MONROE — Celia Salinas danced Monday afternoon with Elvis, to the tune of “It’s Now or Never.”
Her sister, Rosa Cantu, turning a spry 86, wanted in on the action, but the man in the red silk shirt told her only one partner at a time. This was no ghost — just an illusion.
Danny Vernon, 52, has been performing as Presley at fairs, retirement community clubhouses and casinos for 21 years. He croons the hits — “All Shook Up,” “Suspicious Minds,” “Can’t Help Falling in Love” — for the Monday afternoon crowd on the courtyard stage at the Evergreen State Fair. This was one of the rare performances without “Hound Dog,” he said.
The show is not short on antics. There’s Vernon jumping on a picnic table to sing, dance — and tell the woman sitting there she has mustard on her face. There’s Vernon jokingly serenading older fans. There’s Vernon strumming a cane like a guitar. And don’t forget the constant hip gyrations.
That’s all in the course of an hour-long “Illusion of Elvis” show. The second set a few hours later was the older Las Vegas-era Elvis.
He said he’s not Elvis offstage. It is a persona he has built over time.
“I’ve done it for so long now, it’s like I step into Elvis’ shoes,” Vernon said in an interview after the performance. “I can almost imagine what Elvis would’ve said in certain scenarios.”
This interview included such hard-hitting questions as, “Is the hair real?” (It is.)
“How does one become an Elvis impersonator?” (First step, you have to like Elvis.)
Vernon’s father was a big Elvis fan. He would watch his movies and buy the soundtracks. But Vernon only came around to him when he learned how to work a record player. He was first pulled in by his voice, one he constantly emulates even outside of performance. That voice got him into singing.
“He helped me discover that I liked to sing,” Vernon said. “I’d lock myself in my bedroom for four years with Elvis, staying close to the speaker and sing along with him.”
Before that, he never thought singing would be his main job. He worked as a singing waiter and sang songs by just about everybody, before turning to Elvis.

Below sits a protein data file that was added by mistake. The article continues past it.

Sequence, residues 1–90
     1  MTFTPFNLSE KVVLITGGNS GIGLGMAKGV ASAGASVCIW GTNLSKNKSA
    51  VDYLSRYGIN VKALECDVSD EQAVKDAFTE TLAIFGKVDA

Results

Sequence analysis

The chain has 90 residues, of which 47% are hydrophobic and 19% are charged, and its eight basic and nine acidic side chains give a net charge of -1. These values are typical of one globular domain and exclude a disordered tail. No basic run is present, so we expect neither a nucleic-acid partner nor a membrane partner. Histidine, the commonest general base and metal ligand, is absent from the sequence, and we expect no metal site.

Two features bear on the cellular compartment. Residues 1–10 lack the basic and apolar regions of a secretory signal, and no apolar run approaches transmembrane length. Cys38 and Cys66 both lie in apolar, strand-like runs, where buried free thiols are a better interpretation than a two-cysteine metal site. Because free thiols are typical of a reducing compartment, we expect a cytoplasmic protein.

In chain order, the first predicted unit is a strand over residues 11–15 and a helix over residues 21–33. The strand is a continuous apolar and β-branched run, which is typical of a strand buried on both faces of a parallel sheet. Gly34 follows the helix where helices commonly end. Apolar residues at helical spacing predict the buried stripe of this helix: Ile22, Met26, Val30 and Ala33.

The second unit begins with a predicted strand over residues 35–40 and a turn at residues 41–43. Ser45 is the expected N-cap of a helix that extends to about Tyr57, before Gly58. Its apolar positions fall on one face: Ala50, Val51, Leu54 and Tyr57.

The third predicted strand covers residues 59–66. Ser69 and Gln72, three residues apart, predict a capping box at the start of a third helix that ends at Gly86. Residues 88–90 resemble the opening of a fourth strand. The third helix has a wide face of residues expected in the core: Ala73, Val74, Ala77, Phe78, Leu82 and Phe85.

In two decades on stage, Vernon has his share of stories. One time, he threw a teddy bear into a crowd — and left a man bleeding down his face. The bear had hit a lamp in the air, causing it to crash into the man. That “sucked the wind out of the room,” he said.
The man came back for the second half of the show, though.
Vernon had one fan who came to basically every performance for maybe a decade. When she died, she left him a diary of notes from years of concerts.
“I love the fact that Elvis would sing on stage and it felt like a community experience,” Vernon said. “It was like everyone was important that comes to the show. It wasn’t like ‘I’m Elvis Presley, stand back and worship me.’ No, he was wanting to make sure everyone was included.”
The last year was a brutal one for Vernon. Because of the pandemic, he couldn’t be Elvis. So he worked for a moving company, his first “real job” in 20 years. When he could no longer move to the music, he moved pianos.
Now, he’s performing for crowds again, like the fairgoers in Monroe. But with the resurgence of COVID-19, Vernon said he has had a few gigs cancelled recently.
Vernon has upcoming shows in Snohomish County. His website lists a performance in Arlington on Sept. 9, and another in Marysville on Oct. 10.
Jake Goldstein-Street: 425-339-3439; email@example.com. Twitter: @GoldsteinStreet.